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Posted Aug. 9, 2016

How to Succeed in Law School: Faculty, Alums Offer Tips for Incoming Students

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As the University of Virginia School of Law prepares to welcome the Class of 2019 later this month, faculty offer their best tips on how to succeed in law school.

Contact: Kimberly Reich

Charles  BarzunCharles Barzun '05, Armistead M. Dobie Professor of Law

I would read every case twice: first slowly and with a pen. Then again much later, preferably just before class, to get the facts, rule and rationale fresh in your head again.

Molly BradyMolly Brady, Associate Professor of Law

 

Darryl BrownDarryl Brown '90, O. M. Vicars Professor of Law

Do the assigned reading, go to class, ask questions in and after class. Do some but not all of your studying with others. Use the library’s hornbooks as supplements to reduce the expense of buying supplementary subject-matter books. Stick with the note-taking and study methods that have worked well for you in the past. Don’t be intimidated by your smart classmates; you’re one of them. Play softball or cheerlead for your section team. Keep calm and carry on.

Grace Applefeld ClevelandGrace Applefeld Cleveland '09, Director of Admissions

 

Chris ColbyChris Colby '04, Director of Admissions  

Cordel FaulkCordel Faulk '01, Assistant Dean and Chief Admissions Officer

Kristin GloverKristin Glover '05, Research Librarian

Patrice HaydenPatrice Hayden '02, Senior Director of Law Firm Recruiting

 

Andrew HayashiAndrew Hayashi, Associate Professor of Law

I think incoming students should pursue hard ideas and intellectual challenges and then take advantage of faculty office hours to discuss them.

 

 

 

Jennifer HulveyJennifer Hulvey, Director of Financial Aid

Old saying:  “If you live like a lawyer while you’re in law school, you will live like a student when you’re a lawyer.” Translation:  Sound fiscal policies while you are in law school, like living within your means and not borrowing more than is absolutely necessary, will serve you well now and in the future. 

 

Ruth MasonRuth Mason, Professor of Law

Study hard. Take tax.

 

 

 

John Norton MooreJohn Norton Moore, Walter L. Brown Professor of Law; Director, Center for National Security Law and Director, Center for Oceans Law and Policy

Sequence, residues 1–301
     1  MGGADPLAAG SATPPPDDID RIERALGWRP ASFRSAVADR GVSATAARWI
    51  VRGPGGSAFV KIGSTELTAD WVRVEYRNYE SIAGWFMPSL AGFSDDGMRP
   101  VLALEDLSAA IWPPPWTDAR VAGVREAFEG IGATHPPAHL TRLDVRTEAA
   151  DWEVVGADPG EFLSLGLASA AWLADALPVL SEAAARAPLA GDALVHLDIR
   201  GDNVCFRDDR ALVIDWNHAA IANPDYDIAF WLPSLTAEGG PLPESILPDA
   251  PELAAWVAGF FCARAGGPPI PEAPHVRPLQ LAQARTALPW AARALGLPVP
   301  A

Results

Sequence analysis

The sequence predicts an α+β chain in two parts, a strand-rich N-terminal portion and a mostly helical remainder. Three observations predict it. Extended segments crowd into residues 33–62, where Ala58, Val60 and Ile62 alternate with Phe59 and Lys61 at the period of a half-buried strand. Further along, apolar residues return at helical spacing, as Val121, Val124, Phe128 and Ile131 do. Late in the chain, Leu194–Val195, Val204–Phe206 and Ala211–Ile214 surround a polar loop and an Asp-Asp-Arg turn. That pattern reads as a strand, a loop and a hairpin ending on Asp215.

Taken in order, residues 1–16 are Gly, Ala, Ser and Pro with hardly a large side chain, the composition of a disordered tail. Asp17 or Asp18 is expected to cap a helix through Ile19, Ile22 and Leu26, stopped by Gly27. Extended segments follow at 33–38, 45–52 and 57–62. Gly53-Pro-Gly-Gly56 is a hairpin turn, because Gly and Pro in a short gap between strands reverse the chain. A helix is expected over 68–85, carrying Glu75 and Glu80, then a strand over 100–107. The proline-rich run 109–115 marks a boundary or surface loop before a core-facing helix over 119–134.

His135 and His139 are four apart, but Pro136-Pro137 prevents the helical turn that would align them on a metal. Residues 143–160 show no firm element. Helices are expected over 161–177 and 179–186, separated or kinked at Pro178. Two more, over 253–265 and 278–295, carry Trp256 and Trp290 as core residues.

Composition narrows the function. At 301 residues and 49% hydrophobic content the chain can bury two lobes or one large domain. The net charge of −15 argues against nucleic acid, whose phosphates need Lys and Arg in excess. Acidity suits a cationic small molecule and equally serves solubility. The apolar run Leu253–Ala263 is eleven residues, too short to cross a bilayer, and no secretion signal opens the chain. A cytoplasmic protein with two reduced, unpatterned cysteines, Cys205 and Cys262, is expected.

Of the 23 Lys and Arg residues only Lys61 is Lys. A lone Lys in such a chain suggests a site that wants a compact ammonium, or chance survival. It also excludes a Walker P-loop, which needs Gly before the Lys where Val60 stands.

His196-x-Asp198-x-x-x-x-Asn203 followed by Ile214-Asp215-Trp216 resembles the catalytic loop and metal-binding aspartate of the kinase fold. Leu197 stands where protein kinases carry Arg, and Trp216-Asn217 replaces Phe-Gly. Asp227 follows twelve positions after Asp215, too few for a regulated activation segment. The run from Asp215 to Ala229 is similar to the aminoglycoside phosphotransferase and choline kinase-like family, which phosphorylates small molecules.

I often suggest to incoming students that they find out what casebook will be used in one major first-year course they will be taking (this may vary by section professor) and begin to read ahead to get a sense of the cases and the subject matter. Civil procedure is a particularly good choice as it provides some overview useful in many classes.

 

George RutherglenGeorge Rutherglen, John Barbee Minor Distinguished Professor of Law and Barron F. Black Research Professor of Law

When you have a choice between writing more in your notes and thinking more in class, try to think more and write less. Success in law school and in the legal profession does not go to the person with the most comprehensive of notes but the person with the best understanding of the law.

 

Frederick  SchauerFrederick Schauer, David and Mary Harrison Distinguished Professor of Law

Don’t be reluctant to speak up in class or display interest in the material for fear that your classmates will think you are a geek (or nerd, or gunner or whatever). You wouldn’t be here unless you were a geek, and everyone knows that. Your classmates wouldn’t be here unless they were geeks, and everyone knows that. And the professor in the front of the room wouldn’t be here unless she or he was a geek, and everyone knows that too. So we are all geeks, and there is no point in pretending otherwise. Just get over trying to deny it, and take full advantage of the learning that comes from enthusiasm and intellectual engagement.

Molly  Bishop ShadelMolly Bishop Shadel, Professor of Law, General Faculty

Read "Finding Your Voice in Law School." Then come see me if you have questions!

 

 

 

Gregg  StraussGregg Strauss, Associate Professor of Law

Sit down and, as cheesy as this sounds, write out a recommendation for yourself at the end of your three years. It makes you consider what you want people to be able to say about you after you've finished law school. Because then you've got an idea of how to go about doing it.

 

J. H. (Rip) VerkerkeJ. H. (Rip) Verkerke, T. Munford Boyd Professor of Law and Director, Program for Employment and Labor Law Studies

 

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